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Walking The Tightrope: The Delicate Nature Of Sampling Indian Music

Bollywood has been in existence for over a century; its sound within our cultural psyche, bringing together people over harmonious melodies and synchronised dancing. Indian classical and folk music have, in comparison, been around for centuries. Acclaimed artists like Lata Mangeshkar and A.R Rahman have become flagbearers for a universally accepted, cherished and inspiring sound the world over.

Grammy award winners Missy Elliott and Kanye West along with producer Daphni have flirted with Indian samples within their work, influenced by either traditional sounds or Bollywood’s more catchy sensibilities. M.I.A’s ‘Jimmy’, Jay-Z’s collaboration with Punjabi MC have all been big hits in the charts while artists like Prodigy and Britney Spears have also been closely associated with sampling Bollywood music.

The Indian alternative music space on the other hand, whilst shedding its shackles as a 'nascent scene', is still questioning what exactly the relationship is between the alternative music space and the sounds that are traditionally categorised as 'Indian'.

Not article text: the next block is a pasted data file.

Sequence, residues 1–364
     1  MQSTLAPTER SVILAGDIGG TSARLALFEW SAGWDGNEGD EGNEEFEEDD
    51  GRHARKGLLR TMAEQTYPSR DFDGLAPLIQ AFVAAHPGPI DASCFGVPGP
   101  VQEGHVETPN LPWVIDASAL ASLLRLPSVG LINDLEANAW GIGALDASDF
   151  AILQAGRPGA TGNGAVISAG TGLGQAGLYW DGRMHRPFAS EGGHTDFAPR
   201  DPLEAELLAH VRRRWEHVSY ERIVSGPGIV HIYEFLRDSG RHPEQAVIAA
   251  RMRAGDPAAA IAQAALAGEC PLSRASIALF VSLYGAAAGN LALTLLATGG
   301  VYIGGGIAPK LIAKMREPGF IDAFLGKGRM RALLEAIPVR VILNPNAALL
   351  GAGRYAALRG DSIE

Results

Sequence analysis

Growing up in India or within the diaspora, it’s hard to get away from the classical, folk and Bollywood sound. London-based artist and Ninja Tune signee Sarathy Korwar grew up “learning to play the tabla in a household that loved Indian classical music.” It’s had a very strong influence on him and continues to with the projects he composes.

Sarathy even finds that when he’s trying to understand the rhythms of a drummer in Brazil, he’d contextualise it through the rhyme foundations in the Indian classical sound. Delhi’s Tritha Sinha has been learning to replicate the Indian classical sound since she was 5 years old and finds that “traditional music is part of our ancient culture. Classical music has taught me the ABC's of music and how one can use this medium for self-expression as well.” Mumbai-based producer Sid Vashi said he enjoys the process of “sampling Bollywood tunes as a way of expressing his relationship with the music”.

But the question remains why, in the current landscape, there’s a disassociation between modern tracks by producers and what is considered the 'Indian sound'. For both Kumail and Sid Vashi, it is because, put simply, mediocrity is what is associated with contemporary Indian music: “I think it’s because of the kind of music that’s coming out of Bollywood today. It’s not good. A lot of people are unaware of the more traditional music,” said Kumail. “For them, Indian music is Bollywood music and they don’t want to be associated with it.” Sid Vashi extrapolated on that by saying, “Bollywood has now been sampled to death in a hip-hop/beat context. Lately, I’ve been more interested to see what can be done outside of that realm.”